Humans ignore motion and stereo cues in favor of a fictional stable world.
Glennerster A., Tcheang L., Gilson SJ., Fitzgibbon AW., Parker AJ.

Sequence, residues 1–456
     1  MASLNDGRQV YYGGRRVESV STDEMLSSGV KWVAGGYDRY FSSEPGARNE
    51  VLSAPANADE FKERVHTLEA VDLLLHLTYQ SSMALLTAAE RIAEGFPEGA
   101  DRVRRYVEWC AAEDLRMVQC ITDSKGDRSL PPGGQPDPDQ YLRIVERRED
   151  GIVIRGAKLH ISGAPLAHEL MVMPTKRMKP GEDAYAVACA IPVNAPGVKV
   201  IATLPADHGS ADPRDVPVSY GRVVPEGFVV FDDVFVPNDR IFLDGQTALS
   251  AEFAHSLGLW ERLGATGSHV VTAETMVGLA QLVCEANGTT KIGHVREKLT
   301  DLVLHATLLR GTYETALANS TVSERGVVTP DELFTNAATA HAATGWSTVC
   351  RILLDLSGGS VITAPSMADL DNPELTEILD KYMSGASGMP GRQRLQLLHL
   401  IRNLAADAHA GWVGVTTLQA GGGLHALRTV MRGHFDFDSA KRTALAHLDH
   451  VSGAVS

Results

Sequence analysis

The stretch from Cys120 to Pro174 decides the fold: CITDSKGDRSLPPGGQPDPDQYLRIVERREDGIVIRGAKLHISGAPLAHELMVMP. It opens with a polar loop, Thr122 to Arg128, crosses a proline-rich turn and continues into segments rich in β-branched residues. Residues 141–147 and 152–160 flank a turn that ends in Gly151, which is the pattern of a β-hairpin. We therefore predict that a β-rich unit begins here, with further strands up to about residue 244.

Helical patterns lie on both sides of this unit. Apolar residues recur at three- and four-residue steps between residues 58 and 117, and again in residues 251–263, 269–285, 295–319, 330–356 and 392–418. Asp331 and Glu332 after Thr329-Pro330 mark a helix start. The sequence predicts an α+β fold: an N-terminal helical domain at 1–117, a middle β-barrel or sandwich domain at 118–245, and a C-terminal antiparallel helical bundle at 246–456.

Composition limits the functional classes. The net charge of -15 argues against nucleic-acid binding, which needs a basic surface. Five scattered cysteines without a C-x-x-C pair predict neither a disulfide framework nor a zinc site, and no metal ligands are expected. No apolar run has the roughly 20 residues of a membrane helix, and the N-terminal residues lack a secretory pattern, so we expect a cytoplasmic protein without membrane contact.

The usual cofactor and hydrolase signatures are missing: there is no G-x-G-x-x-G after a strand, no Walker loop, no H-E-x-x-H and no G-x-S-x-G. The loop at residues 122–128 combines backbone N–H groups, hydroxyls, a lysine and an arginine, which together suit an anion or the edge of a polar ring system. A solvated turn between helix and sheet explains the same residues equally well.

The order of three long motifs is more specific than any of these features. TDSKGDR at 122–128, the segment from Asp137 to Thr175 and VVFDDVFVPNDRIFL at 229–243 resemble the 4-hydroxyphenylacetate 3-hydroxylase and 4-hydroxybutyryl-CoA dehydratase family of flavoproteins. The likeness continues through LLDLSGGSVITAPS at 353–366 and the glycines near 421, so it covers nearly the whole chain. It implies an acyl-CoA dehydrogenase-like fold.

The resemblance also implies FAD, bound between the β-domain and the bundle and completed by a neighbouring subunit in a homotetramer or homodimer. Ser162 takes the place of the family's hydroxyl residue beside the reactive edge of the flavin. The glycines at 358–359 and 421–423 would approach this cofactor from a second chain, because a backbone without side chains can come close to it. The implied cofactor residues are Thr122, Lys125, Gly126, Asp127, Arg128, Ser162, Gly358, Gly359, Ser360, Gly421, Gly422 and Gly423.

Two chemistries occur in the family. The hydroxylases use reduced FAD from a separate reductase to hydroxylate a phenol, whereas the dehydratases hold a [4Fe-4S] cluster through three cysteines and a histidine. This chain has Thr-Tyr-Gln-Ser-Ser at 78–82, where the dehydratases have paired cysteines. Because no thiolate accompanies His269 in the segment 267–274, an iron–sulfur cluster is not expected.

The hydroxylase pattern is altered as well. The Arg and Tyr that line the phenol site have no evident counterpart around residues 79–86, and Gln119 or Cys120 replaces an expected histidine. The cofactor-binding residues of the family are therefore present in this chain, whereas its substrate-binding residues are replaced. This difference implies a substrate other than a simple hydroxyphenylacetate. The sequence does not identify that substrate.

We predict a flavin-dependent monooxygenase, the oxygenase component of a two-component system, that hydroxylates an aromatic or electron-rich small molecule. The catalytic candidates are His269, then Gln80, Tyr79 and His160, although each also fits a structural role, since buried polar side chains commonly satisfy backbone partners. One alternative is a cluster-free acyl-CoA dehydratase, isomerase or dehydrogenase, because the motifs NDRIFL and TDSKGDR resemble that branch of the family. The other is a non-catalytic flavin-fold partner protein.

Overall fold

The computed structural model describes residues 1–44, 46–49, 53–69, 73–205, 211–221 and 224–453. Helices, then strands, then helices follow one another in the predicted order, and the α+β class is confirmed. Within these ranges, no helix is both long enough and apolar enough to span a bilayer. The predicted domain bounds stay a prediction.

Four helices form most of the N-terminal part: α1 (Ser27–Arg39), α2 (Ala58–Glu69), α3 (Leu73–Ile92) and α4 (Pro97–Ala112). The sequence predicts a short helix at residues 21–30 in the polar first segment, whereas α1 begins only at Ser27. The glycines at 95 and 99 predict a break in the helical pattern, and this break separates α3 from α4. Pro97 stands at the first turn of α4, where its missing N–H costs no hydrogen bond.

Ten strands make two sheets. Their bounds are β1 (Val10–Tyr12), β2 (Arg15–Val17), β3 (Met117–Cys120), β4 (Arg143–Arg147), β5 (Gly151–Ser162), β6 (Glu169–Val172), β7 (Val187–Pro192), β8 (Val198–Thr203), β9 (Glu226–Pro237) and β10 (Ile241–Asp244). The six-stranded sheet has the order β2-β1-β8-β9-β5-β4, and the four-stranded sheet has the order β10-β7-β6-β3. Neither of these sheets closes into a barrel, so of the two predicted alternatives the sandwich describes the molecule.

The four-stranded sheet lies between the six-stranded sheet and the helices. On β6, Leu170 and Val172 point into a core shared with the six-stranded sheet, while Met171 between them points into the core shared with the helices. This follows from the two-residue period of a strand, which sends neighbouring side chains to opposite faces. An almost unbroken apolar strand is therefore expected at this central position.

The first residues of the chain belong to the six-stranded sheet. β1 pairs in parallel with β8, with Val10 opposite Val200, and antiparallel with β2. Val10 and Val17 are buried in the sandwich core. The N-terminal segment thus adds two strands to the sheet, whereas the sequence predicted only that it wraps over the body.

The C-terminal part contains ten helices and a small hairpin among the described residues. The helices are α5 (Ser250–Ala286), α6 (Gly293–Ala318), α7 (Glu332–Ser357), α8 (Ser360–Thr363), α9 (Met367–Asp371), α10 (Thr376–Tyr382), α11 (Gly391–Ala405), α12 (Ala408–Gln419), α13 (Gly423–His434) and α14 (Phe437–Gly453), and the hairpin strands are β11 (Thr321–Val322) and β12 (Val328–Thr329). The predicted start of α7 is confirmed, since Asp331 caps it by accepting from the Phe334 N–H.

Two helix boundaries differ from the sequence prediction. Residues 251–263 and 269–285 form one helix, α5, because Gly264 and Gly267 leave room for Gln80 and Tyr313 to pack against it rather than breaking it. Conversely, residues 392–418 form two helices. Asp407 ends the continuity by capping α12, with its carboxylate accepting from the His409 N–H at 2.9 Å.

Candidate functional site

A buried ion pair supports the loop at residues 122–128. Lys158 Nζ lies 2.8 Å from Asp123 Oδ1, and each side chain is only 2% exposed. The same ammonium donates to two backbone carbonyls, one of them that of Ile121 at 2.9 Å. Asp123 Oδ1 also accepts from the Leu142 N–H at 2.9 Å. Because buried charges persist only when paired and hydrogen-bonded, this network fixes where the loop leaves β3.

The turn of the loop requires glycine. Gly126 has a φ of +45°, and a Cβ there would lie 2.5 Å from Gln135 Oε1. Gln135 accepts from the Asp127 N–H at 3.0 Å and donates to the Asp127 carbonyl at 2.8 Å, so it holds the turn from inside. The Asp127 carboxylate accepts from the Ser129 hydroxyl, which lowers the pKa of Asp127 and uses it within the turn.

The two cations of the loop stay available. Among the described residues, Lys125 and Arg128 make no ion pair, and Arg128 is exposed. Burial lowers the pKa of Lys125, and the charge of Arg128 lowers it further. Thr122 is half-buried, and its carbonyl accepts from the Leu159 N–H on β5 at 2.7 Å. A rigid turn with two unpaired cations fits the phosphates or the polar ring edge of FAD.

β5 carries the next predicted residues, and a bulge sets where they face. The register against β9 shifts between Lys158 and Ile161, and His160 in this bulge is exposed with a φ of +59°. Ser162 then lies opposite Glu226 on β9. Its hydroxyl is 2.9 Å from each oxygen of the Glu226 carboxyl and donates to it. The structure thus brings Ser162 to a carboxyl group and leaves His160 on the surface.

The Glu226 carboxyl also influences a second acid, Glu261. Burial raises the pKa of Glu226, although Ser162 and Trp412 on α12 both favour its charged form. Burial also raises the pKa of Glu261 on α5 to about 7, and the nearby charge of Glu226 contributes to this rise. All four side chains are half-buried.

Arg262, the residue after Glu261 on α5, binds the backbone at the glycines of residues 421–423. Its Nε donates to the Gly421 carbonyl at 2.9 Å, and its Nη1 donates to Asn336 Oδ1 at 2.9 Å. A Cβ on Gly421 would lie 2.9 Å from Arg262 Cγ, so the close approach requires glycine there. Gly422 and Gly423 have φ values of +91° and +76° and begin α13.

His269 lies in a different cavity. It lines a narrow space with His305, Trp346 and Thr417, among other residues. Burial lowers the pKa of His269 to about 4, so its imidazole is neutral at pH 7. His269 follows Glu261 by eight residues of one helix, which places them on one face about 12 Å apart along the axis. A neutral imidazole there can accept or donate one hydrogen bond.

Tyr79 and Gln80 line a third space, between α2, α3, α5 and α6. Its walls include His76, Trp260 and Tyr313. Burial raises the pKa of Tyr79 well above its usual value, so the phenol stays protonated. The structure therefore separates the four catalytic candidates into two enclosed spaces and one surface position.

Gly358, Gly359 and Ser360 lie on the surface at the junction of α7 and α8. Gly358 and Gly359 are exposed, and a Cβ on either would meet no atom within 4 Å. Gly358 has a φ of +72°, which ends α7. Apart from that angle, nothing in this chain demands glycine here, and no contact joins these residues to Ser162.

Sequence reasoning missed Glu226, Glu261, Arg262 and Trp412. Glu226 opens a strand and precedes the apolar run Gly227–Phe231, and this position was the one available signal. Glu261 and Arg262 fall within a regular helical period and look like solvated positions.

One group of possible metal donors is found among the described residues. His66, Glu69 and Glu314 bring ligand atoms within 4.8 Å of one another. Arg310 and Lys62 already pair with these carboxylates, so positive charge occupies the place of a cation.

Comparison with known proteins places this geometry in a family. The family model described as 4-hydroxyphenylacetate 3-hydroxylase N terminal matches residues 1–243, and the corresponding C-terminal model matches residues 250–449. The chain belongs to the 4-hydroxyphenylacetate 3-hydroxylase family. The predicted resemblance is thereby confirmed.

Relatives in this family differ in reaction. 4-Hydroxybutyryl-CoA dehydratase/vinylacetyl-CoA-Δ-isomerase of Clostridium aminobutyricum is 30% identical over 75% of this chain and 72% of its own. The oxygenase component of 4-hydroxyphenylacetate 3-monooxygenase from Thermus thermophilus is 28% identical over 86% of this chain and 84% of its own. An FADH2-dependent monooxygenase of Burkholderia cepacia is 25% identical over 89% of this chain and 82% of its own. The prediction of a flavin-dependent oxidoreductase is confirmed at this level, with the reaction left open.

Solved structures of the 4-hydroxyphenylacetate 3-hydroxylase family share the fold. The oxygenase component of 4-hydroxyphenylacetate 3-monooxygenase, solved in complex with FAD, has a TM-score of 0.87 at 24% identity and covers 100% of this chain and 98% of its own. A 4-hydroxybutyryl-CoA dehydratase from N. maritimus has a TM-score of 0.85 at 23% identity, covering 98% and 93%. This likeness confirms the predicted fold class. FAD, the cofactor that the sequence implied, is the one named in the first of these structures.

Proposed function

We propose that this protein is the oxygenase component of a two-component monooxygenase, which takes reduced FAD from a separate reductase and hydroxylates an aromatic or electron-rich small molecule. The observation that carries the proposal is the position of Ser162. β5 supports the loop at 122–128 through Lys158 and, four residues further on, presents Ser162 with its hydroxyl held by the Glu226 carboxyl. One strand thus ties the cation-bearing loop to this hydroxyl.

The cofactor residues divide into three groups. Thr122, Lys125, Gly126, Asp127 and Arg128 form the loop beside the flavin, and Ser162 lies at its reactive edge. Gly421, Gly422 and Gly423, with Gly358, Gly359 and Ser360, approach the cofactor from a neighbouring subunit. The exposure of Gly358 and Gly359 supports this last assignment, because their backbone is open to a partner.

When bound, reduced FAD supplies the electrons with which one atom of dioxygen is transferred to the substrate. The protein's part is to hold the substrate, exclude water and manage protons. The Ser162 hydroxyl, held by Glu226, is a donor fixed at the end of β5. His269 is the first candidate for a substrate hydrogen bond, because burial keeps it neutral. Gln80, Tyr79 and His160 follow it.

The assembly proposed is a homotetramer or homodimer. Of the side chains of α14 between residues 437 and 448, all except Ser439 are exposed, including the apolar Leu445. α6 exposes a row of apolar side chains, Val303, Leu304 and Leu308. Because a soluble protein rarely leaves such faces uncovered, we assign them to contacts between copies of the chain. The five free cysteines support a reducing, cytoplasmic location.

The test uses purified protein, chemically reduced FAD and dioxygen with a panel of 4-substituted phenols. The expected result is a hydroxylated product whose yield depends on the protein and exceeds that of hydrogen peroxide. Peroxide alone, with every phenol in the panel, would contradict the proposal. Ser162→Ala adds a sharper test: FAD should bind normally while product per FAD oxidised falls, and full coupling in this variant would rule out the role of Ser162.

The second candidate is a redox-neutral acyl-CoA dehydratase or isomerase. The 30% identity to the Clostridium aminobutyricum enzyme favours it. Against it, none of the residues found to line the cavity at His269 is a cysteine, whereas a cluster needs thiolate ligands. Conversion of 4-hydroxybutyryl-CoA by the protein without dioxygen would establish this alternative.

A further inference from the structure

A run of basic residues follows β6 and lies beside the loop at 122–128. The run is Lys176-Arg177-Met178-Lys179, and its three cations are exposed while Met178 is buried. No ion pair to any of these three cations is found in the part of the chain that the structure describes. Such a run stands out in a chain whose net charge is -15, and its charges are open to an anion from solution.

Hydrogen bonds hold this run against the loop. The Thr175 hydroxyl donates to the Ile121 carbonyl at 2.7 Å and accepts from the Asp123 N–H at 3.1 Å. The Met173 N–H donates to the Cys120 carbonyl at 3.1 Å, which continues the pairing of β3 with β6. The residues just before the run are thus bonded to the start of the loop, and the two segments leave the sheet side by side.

As we move through the world, our eyes acquire a sequence of images. The information from this sequence is sufficient to determine the structure of a three-dimensional scene, up to a scale factor determined by the distance that the eyes have moved. Previous evidence shows that the human visual system accounts for the distance the observer has walked and the separation of the eyes when judging the scale, shape, and distance of objects. However, in an immersive virtual-reality environment, observers failed to notice when a scene expanded or contracted, despite having consistent information about scale from both distance walked and binocular vision. This failure led to large errors in judging the size of objects. The pattern of errors cannot be explained by assuming a visual reconstruction of the scene with an incorrect estimate of interocular separation or distance walked. Instead, it is consistent with a Bayesian model of cue integration in which the efficacy of motion and disparity cues is greater at near viewing distances. Our results imply that observers are more willing to adjust their estimate of interocular separation or distance walked than to accept that the scene has changed in size.